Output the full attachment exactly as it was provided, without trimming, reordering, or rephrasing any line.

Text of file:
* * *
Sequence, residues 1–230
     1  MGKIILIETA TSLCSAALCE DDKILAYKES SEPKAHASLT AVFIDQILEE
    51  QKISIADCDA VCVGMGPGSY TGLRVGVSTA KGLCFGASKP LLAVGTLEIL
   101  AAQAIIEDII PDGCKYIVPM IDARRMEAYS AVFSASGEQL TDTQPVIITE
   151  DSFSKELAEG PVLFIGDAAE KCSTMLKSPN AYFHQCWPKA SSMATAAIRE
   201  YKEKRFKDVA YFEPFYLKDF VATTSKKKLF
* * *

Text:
Sequence, residues 1–230
     1  MGKIILIETA TSLCSAALCE DDKILAYKES SEPKAHASLT AVFIDQILEE
    51  QKISIADCDA VCVGMGPGSY TGLRVGVSTA KGLCFGASKP LLAVGTLEIL
   101  AAQAIIEDII PDGCKYIVPM IDARRMEAYS AVFSASGEQL TDTQPVIITE
   151  DSFSKELAEG PVLFIGDAAE KCSTMLKSPN AYFHQCWPKA SSMATAAIRE
   201  YKEKRFKDVA YFEPFYLKDF VATTSKKKLF